The Conatys’ giving accelerated in the early ’90s, when Bryant’s advancement office invited the couple to Smithfield for a visit — their first time seeing the Smithfield campus, which was donated to the University in 1972. They were struck by then-President Ron Machtley’s vision for the future.
“Ron and Kati were so passionate and so full of enthusiasm,” says Sue. “They were so inspirational; how could you not get caught up with them?”
Machtley convinced Conaty to reconnect with the campus and, after he retired from GE in 2007, Conaty doubled down on his commitment — both philanthropically, with gifts that built Conaty Park baseball and softball fields and the Conaty Indoor Athletic Center, and with his time as a member of the Board of Trustees, which he joined in 2008.
“We’re trying to set an example for the next generation and share this mindset that you can really do some good here.” -Bill Conaty '67, H’22
As board chair from 2014 to 2020, Conaty says he watched the University transform from a regionally known institution to one with a national presence. Conaty and trustee Michael E. Fisher ’67, H’15 led the charge for Bryant’s record-setting 2019 capital campaign, which raised $111 million — surpassing its initial goal of $75 million.
“Whether it’s an athletic team making the NCAA regional tournament or a new facility or new curricula, Bryant continues to expand in all areas. The health sciences are fantastic. The PA program is a big deal,” he says. “And it’s all about the outcomes. The fact that we have 99 percent of our kids either in graduate school or in a significant job paying $68,000 a year within six months — that’s our brand now.”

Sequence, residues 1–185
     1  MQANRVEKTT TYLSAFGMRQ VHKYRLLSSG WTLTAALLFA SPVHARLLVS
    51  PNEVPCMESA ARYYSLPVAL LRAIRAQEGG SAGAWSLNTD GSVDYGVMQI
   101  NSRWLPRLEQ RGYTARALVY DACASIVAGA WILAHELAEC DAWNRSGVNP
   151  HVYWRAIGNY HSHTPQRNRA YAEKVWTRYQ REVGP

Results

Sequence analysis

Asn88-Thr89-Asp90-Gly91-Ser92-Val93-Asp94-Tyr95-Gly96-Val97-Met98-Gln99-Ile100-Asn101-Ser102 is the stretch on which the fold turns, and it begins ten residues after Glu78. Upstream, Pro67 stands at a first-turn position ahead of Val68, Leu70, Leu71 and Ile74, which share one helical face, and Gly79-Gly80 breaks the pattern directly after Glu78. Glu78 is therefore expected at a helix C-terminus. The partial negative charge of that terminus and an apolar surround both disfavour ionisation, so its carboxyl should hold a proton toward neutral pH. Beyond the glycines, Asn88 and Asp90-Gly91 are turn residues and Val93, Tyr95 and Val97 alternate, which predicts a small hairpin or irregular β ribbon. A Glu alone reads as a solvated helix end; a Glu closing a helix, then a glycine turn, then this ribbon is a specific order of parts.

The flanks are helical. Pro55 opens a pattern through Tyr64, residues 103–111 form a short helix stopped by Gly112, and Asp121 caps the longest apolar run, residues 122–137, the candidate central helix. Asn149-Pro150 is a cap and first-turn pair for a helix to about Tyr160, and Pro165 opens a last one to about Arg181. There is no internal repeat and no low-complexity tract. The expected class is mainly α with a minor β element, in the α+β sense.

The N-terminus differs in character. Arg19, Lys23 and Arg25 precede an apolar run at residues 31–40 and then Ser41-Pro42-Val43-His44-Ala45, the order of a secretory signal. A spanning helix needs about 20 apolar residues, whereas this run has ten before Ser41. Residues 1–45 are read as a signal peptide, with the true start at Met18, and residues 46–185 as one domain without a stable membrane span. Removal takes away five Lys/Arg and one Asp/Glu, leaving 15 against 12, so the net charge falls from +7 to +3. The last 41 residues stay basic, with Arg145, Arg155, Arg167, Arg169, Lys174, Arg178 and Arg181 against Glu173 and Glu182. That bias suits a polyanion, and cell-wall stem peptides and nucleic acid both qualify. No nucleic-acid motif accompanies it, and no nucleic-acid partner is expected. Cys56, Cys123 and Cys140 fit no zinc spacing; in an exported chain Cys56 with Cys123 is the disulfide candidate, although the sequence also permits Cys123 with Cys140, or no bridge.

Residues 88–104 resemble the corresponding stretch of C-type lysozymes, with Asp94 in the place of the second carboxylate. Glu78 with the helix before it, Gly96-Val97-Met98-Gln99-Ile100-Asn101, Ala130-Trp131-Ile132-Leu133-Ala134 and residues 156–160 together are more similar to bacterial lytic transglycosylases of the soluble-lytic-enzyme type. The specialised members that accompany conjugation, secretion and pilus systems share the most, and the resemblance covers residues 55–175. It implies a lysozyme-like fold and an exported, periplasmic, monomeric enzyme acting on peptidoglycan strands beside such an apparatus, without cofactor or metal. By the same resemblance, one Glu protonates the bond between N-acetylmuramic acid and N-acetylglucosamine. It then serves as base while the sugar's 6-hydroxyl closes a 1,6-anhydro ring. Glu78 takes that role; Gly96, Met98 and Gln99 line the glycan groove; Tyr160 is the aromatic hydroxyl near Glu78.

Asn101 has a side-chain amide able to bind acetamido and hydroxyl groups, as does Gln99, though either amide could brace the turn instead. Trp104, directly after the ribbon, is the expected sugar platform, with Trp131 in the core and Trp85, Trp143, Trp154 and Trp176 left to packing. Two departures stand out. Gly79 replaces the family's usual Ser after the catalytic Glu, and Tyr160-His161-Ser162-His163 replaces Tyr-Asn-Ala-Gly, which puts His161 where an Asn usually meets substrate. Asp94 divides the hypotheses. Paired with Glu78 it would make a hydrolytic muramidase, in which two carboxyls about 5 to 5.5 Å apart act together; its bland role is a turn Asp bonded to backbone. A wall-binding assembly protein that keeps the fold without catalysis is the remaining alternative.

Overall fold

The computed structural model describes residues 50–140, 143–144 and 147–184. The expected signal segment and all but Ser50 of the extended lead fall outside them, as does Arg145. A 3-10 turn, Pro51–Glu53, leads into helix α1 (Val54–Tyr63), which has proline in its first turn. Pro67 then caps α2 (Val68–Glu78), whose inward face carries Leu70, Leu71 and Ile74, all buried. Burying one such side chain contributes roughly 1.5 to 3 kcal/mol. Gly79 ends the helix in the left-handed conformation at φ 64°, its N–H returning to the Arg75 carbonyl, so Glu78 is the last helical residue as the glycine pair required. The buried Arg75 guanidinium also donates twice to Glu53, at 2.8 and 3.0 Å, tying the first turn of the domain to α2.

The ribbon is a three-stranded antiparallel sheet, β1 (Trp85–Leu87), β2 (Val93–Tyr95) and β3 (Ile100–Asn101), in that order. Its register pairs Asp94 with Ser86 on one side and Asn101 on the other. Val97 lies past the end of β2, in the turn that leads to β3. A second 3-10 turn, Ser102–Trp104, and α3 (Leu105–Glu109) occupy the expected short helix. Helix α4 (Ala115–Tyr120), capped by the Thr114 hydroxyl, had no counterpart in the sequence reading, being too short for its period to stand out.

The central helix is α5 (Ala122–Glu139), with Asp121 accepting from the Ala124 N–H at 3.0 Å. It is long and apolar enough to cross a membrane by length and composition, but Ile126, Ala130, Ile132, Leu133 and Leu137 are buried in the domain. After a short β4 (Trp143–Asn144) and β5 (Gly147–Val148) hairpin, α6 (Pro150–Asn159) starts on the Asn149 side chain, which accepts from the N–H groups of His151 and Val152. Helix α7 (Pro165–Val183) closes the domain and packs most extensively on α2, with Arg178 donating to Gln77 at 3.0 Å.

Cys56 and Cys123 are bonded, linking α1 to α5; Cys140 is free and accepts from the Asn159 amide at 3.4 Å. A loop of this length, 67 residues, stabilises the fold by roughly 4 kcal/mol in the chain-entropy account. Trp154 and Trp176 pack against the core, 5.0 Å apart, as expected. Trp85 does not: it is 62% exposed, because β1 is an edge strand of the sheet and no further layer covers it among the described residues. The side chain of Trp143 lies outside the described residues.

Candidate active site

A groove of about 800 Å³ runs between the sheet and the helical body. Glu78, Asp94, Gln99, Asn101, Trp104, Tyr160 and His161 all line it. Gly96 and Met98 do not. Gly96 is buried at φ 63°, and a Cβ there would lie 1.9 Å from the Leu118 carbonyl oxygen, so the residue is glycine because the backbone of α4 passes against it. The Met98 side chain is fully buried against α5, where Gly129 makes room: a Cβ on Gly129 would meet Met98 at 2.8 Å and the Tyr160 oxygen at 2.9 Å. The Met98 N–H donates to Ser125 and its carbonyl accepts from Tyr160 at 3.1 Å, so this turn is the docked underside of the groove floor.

In 2019 — “after 24 years of spectacular service to Bryant,” Conaty adds — Machtley announced he was retiring. Alongside fellow trustee Pat O’Brien P’15, Conaty led the search for the institution’s next president. In that role, he collaborated with a network of faculty, deans, and alumni — a consensus-building process that, he says, was vastly different from the top-down approach at GE.
“In the end, we were a very compatible team and, quite honestly, I forged some great relationships with faculty, too,” he says.
In early March of 2020, as the nation braced itself for the COVID-19 pandemic, the Board of Trustees announced the appointment of economist Ross Gittell, Ph.D., then-chancellor of the Community College System of New Hampshire, as the institution’s ninth president.
“Ross has all the credentials but, most importantly, he’s really a good human being,” says Conaty. With Vision 2030 as his bellwether and with the backing of a strong board led by David M. Beirne ’85, Gittell has the potential to usher Bryant into an era of stratospheric success, Conaty says. That’s why he and Sue made their gift early and made it public. Bryant has a short history of institutional giving, Conaty says, and the alumni community needs to change that.
“We’re trying to set an example for the next generation and share this mindset that you can really do some good here,” he says, echoing remarks from his 2022 Commencement address, when he received his honorary degree. “Because if you’re an alum of Bryant, and if you’ve gone out and made it but you haven’t given back, then how will Bryant remain a world-class university?”
Conaty is optimistic that Bryant’s new and established alumni are just as committed to the institution’s success. And, on several occasions, he’s been approached by current students who pledge to give back, as he has. They want to make the University a better place for the next generation, and the generation after that, because, like Conaty, they know firsthand what a Bryant education can do.
“Everybody,” Conaty adds, “wants to be involved in a success story. And that’s what we have at Bryant.”